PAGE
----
In a way, the islanders were too successful. Their population grew to an unsustainable size and the tribes started to squabble over resources and land as there simply wasn’t enough to go round. Some archaeologists believe that ecocide – the human destruction of the environment – was partly to blame. Deforestation for agriculture and Moai-making led to soil erosion that impacted farming. Others believe that Polynesian rats brought to the island by the original settlers nibbled away at roots and seeds, killing the trees and meaning there was not enough lumber to build canoes. Another theory goes that people were so fixated on creating the Moai that they simply didn’t have enough manpower for agriculture or fishing.
It was probably a combination of factors. In any case, people stopped farming and started fighting. Political instability, division and violence became the new norm. As a result, Rapa Nui’s society was already fragile by the time the Europeans arrived. The epidemic was the final straw.
But against all odds, the Rapanuians came back from the brink. Today the island’s population is around 8,000, with about half claiming native heritage. Chilean immigration bolstered the figure, and a colourful and thriving community now lives in the main town of Hanga Roa. I was there for the annual Tepati festival, a two-week celebration of Rapa Nui and its culture. There were dances, musical performances and sporting events. My favourite was one which involved people tobogganing down the grassy side of a volcano on a large banana leaf, reaching terrifying speeds of 50kmph.
Rebuilding and hope for the future
I’ve spent quite a while thinking about my time in Easter Island and the rise and fall of the Rapanui: food supply issues, deforestation, (colonial) globalisation, separation and homecomings, and then a virus to top it all off. It seems a lot easier to relate to in the age of COVID-19.
As I learnt back in February, the causes of seismic changes are never simple. It’s hard to place the blame on any one factor and dust your hands of the issue. ‘There you go – it was the rats. Solved it’. Easter Island is not a microcosm of the world, and fretting over its history will not give us any more insight into what is happening in 2020. However, it does provide a look at how a society repaired itself after all of the trauma.
The people focused on rebuilding their community and finding the shared values that had made them so strong and successful originally. They took what they liked and discarded what they didn’t. Complex hierarchical structure where only the priests learn to read: no thank you. Community traditions, songs and games: yes, please.”
The importance of sustainability
They’ve not shied away from analysing what went wrong and using that insight to put things right. There is a huge focus on sustainability and reducing their dependence on mainland Chile. In 2014, the island declared a 20-year plan to become self-sustainable and waste-free. The plan involves a focus on preserving natural resources, providing environmental education to children, and an island-wide campaign to show people how to reuse, recycle, and create their own vegetable gardens.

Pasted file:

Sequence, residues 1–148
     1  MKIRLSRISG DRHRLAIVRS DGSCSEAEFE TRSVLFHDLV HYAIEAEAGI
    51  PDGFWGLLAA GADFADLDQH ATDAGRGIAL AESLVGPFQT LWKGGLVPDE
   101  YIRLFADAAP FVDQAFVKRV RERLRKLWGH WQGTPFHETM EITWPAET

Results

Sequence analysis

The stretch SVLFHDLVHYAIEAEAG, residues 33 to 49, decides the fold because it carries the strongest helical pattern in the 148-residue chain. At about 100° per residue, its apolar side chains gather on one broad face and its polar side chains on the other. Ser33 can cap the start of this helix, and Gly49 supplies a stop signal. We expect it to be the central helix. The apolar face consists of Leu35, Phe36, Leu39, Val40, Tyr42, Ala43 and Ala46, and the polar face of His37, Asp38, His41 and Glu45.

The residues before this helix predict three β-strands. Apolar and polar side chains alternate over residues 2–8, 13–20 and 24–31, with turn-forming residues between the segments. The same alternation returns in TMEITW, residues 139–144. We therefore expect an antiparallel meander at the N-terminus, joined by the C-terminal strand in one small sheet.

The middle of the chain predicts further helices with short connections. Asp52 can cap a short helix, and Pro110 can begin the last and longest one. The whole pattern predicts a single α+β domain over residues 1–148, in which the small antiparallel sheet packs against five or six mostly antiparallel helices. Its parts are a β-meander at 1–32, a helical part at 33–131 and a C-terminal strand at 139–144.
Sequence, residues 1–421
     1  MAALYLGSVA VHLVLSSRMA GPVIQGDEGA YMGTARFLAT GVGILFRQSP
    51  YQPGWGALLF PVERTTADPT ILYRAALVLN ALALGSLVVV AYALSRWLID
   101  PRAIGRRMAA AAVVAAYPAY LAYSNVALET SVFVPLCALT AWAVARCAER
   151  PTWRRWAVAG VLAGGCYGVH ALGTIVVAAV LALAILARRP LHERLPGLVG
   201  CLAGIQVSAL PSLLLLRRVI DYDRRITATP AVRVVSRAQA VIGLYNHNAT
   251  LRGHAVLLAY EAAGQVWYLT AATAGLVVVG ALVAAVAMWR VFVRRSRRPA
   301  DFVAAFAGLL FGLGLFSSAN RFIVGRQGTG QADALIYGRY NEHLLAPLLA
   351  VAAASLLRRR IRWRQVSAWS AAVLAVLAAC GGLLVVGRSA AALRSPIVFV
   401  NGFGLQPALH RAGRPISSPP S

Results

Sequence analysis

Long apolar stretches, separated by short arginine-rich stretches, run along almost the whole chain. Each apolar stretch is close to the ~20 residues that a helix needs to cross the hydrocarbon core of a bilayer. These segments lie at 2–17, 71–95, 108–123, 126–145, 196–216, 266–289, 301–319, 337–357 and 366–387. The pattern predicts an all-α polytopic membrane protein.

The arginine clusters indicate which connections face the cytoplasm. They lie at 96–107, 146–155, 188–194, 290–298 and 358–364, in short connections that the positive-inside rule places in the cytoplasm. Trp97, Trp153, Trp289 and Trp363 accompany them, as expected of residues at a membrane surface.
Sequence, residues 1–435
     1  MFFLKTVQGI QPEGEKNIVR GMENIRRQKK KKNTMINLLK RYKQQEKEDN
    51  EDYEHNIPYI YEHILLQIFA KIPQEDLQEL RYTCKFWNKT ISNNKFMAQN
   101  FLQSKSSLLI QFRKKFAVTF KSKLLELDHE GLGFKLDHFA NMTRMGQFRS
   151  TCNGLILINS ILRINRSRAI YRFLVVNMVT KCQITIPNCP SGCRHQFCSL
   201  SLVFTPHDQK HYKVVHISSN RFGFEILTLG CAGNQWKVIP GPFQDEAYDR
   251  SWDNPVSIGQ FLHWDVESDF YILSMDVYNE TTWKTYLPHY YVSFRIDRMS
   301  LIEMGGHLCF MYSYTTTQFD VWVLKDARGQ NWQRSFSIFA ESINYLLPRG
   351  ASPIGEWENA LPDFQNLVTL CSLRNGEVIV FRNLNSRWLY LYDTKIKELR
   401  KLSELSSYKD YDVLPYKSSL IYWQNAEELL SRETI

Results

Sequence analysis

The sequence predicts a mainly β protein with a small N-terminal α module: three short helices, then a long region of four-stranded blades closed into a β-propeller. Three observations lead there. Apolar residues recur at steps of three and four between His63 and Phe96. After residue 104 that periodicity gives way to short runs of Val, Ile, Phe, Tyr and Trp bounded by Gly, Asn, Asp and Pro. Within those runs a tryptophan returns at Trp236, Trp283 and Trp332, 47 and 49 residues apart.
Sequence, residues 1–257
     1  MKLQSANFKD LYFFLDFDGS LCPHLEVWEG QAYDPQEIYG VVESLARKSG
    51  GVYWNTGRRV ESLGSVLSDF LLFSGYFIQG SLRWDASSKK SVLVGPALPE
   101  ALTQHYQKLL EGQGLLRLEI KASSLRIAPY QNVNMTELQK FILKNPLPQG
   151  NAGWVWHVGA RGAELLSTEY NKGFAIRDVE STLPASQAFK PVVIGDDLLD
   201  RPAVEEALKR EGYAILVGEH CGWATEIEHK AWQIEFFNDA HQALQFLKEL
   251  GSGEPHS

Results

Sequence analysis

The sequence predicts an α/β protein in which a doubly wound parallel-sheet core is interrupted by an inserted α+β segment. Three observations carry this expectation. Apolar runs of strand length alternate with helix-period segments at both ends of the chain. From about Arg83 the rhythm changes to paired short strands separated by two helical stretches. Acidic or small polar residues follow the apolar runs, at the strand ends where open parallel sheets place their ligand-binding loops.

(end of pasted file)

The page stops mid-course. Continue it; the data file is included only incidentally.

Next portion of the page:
As I walked around Hanga Roa I saw lots of colourful posters encouraging people to come along to beach clean-ups or to join local gardening groups. Billboards explain how they are fighting erosion by reforesting parts of the island with hundreds of trees. There are no international fast-food franchises as most of the restaurants are locally-owned. They’re also carefully limiting tourism and monitoring the population figures to ensure they don’t find themselves in another unsustainable situation.
There is an awareness of how close they came to losing everything, and a focus on preserving what they do have for the future. This no doubt helped when coronavirus arrived less than a month after my visit. Rapa Nui went into lockdown when the first positive case on the island appeared – a week before the rest of Chile. Given their history, it’s no wonder they’re cautious.
They’re also turning to old traditions such as tapu, a Polynesian tradition of self-care, sustainability and respect. Lockdown rules have been diligently respected, preventing the spread of the virus in the community. They’ve started planting food and fishing, in case the supplies from the mainland run out. With an economy based on tourism, there’s still a lot of uncertainty about the future, but they are focusing on the actions that will help the community survive.
Looking to the future
Archaeologists are still arguing about what caused the original population decline on Rapa Nui centuries ago. And today, experts are now arguing about the causes of Coronavirus. They’ll probably be arguing about it for years to come. But we don’t need a definite answer to move forward. It’s a collection of many factors. Destroying our environment, cutting down forests, unsustainable food systems. And underneath these tangible causes are the more insidious reasons. Mistrust, broken politics, rampant globalisation. For those of us lucky enough to be warm, well-fed and comfortable during the lockdown, it’s been a good opportunity to focus on ourselves as individuals. But once this is all over, what will unite us? What parts of our society can we agree to leave in the past?